Every integer greater than 2 can be expressed as sum of some prime number greater than 2 and some nonegative integer....$n=p+m$. Since 3=3+0; 4=3+1; 5=3+2 or 5=5+0...etc it is obvious that statement is true.My question is: Can we use Peano's axioms to prove this statement (especially sixth axiom which states "For every natural number $n$, $S(n)$ is a natural number.")?

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    $\begingroup$ I'm a bit confused; are you wanting something like $1+n=1+(3+(n-3))=3+(n-2)=3+((n+1)-3)$? $\endgroup$ Commented Sep 23, 2011 at 5:56
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    $\begingroup$ Why does it have to be some prime number? Can't we just say that $n = (n - 3) + 3$ ? $\endgroup$ Commented Sep 23, 2011 at 5:59
  • $\begingroup$ @aengle,no, I wrote random examples...it can be any combination of $n,p,m$ that satisfy conditions of statement $\endgroup$
    – Pedja
    Commented Sep 23, 2011 at 6:03

3 Answers 3


Note: My usual definition of $\mathbb{N}$ includes $0$, as for example in Halmos's Naive Set Theory. This does not matter here. The proposed result asks for an expression of natural numbers greater than $2$ (which means it doesn't matter if you consider $0$ a natural number or not) as a sum of a prime greater than 2 and a nonnegative integer; the proof below shows that every nonnegative integer (in particular, every "natural number if you don't include $0$") is the sum of a prime greater than two and a "natural-number-including-zero" (that is, a "nonnegative integer").

Let $S=\{n\in\mathbb{N}\mid n\leq 2\text{ or there exists a prime }p\gt 2\text{ and a natural }m\text{ such that }n=p+m\}$.

Note that $0$, $1$, and $2$ lies in $S$.

Assume that $k\in S$; we want to prove that $s(k)$, the successor of $k$, lies in $S$.

  • If $k\lt 2$, then $s(k)\leq 2$, so $s(k)\in S$.
  • If $k=2$, then $s(k) = k+1 = 2+1 = 3+0$ is the sum of a prime, $3$, and a natural number, $0$, so $s(k)\in S$.
  • If $k=p+m$ for some prime $p$ and some natural number $m$, then $$s(k) = s(p+m) = p+s(m),$$ and by Peano's postulates, since $m\in\mathbb{N}$ then $s(m)\in\mathbb{N}$. So $s(k)$ is the sum of a prime and a natural number, hence $s(k)\in S$.

By Peano's Fifth Postulate (Induction), $S=\mathbb{N}$. This proves that every natural number greater than $2$ is the sum of a prime and natural number. $\Box$

If you don't consider the natural numbers to include zero, it is very simple to translate the proof above: the definition of $S$ just has to replace the word "natural" with "nonnegative integer": $$S = \{n\in\mathbb{N}\mid n\leq 2\text{ or there exists a prime }p\gt 2\text{ and a nonnegative integer }m\text{ such that }n=p+m\}.$$

Then the first line of the proof can omit the observation that $0\in S$, and where it says "natural number" afterwards, just replace with "nonnegative integer", and the observation that if $m$ is a nonnegative integer, then it is either a natural-greater-than-1, so $s(m)$ is a natural number (under either definition), or else $m=0$ in which case "$s(m)$" denotes $1$, which is a natural number (under either definition).

  • $\begingroup$ ,For case $k=2$ you took for prime to be $2$, but statement refers to the primes strictly greater than 2.I agree with the rest of your proof... $\endgroup$
    – Pedja
    Commented Sep 23, 2011 at 14:00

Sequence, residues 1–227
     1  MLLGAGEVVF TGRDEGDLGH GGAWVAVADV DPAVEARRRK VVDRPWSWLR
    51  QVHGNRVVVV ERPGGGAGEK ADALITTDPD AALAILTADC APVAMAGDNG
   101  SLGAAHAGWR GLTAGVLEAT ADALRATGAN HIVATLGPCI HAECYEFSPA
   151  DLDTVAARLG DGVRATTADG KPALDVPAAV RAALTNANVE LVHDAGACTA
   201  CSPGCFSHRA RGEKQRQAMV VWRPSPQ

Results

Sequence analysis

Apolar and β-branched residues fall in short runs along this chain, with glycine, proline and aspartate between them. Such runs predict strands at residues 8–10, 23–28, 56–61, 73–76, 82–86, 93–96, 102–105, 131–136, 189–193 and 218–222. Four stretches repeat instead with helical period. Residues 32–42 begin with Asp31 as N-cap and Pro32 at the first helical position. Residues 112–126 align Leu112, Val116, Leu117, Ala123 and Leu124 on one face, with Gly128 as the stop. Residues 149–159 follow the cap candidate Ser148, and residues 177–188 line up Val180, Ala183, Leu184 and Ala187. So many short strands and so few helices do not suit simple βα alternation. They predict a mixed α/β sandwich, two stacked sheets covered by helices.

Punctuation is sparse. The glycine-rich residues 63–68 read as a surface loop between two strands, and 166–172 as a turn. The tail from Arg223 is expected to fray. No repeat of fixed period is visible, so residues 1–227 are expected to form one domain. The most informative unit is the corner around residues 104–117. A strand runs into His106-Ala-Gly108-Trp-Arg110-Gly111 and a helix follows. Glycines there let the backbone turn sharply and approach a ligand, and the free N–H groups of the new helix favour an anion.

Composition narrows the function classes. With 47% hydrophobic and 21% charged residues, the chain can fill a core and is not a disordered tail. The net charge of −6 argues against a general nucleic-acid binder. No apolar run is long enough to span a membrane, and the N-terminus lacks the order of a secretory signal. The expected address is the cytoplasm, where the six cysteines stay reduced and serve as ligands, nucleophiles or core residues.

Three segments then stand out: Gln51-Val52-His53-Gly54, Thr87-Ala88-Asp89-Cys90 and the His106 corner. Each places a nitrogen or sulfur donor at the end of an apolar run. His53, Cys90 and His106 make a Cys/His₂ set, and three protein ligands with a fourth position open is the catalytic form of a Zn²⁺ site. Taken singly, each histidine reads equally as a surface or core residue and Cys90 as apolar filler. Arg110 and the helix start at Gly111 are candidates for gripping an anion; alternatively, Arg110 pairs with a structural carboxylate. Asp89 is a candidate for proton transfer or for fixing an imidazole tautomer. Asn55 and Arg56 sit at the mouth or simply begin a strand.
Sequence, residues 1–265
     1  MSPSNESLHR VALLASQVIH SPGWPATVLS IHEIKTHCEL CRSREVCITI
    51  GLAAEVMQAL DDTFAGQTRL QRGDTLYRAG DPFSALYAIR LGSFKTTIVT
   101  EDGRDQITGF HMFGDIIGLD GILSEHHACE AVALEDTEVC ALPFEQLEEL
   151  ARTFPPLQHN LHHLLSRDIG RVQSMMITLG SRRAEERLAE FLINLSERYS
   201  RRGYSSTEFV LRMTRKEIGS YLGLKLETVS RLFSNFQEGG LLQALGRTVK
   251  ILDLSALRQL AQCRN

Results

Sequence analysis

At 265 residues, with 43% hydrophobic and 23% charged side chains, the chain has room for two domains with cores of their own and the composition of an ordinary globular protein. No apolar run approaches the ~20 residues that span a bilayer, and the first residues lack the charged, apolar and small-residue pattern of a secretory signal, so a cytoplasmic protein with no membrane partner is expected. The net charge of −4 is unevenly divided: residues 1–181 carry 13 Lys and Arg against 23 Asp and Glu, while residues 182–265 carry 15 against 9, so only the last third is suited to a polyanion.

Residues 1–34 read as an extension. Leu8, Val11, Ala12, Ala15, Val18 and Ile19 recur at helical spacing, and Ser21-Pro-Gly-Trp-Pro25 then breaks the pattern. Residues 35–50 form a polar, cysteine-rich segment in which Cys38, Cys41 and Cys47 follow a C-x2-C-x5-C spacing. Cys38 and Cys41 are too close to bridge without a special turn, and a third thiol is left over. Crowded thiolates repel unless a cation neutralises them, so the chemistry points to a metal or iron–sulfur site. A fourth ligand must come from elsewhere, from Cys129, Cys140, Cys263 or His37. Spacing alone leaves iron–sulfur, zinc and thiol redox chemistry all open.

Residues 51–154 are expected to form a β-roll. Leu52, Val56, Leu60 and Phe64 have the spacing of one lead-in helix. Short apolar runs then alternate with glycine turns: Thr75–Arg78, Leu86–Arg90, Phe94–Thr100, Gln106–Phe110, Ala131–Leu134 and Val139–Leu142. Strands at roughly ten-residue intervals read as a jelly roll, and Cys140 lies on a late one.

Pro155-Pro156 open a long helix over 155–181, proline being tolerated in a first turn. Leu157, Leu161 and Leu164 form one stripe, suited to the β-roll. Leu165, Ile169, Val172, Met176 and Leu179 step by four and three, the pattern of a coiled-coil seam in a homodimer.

• $\begingroup$ ,I am little bit confused because my question refers to the primes greater than $2$ and $m$ as nonnegativ integer and your answer refers to all primes and $m$ as natural number... $\endgroup$
    – Pedja
    Commented Sep 23, 2011 at 15:30
  • $\begingroup$ @pedja: Simple enough to fix; if $k=2$, then $s(k)=3=3+0$, with $3$ prime and $0$ a natural number. To me, natural numbers include $0$. $\endgroup$ Commented Sep 23, 2011 at 16:01
  • $\begingroup$ ,Peano's original formulation of the axioms used 1 instead of 0 as the "first" natural number...if it is so then $S(2)$ doesn't belong to $S$ so that's confusing me... $\endgroup$
    – Pedja
    Commented Sep 23, 2011 at 16:12
  • $\begingroup$ @pedja: In the wikipedia link you have provided the first axiom is "$0$ is a natural number". Either accept this as an axiom, or provide an alternative link with the "correct" formulation of Peano's axioms. $\endgroup$
    – Asaf Karagila
    Commented Sep 23, 2011 at 16:49

HINT $\ $ For nonempty $\rm\ S\subset \mathbb N\ $ show $\rm\ S\:+\:\mathbb N\ =\: \min(S)\: +\: \mathbb N\:.\ $ Your case is $\rm\:S =\:$ odd primes.


Yes we can use the Peano's axiom to prove that integer = prime + integer. Think of $0 + a = a$.

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    $\begingroup$ $0$ is not a prime. $\endgroup$
    – Srivatsan
    Commented Sep 23, 2011 at 6:07
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    $\begingroup$ "Without loss of generality, assume that $0$ is prime..." $$$$ :) $\endgroup$ Commented Sep 23, 2011 at 6:08
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    $\begingroup$ I think The Chaz and Blake's point is that Peano's Arithmetics can prove that if $m \leq n$, then there exists a $k$ such that $m + k = n$. $\endgroup$
    – William
    Commented Sep 23, 2011 at 6:20
  • $\begingroup$ @William Now I am confused (and that was not really my point). The question is to write a given number as a prime plus a nonnegative integer, so how is writing $a = 0+a$ useful? $\endgroup$
    – Srivatsan
    Commented Sep 23, 2011 at 6:33
  • $\begingroup$ @Blake: All of the basic theorems of number theory, and much more, can be proved using the first-order Peano axioms. The result you are asking about has a quick informal proof, and that proof can be formalized. $\endgroup$ Commented Sep 23, 2011 at 7:54

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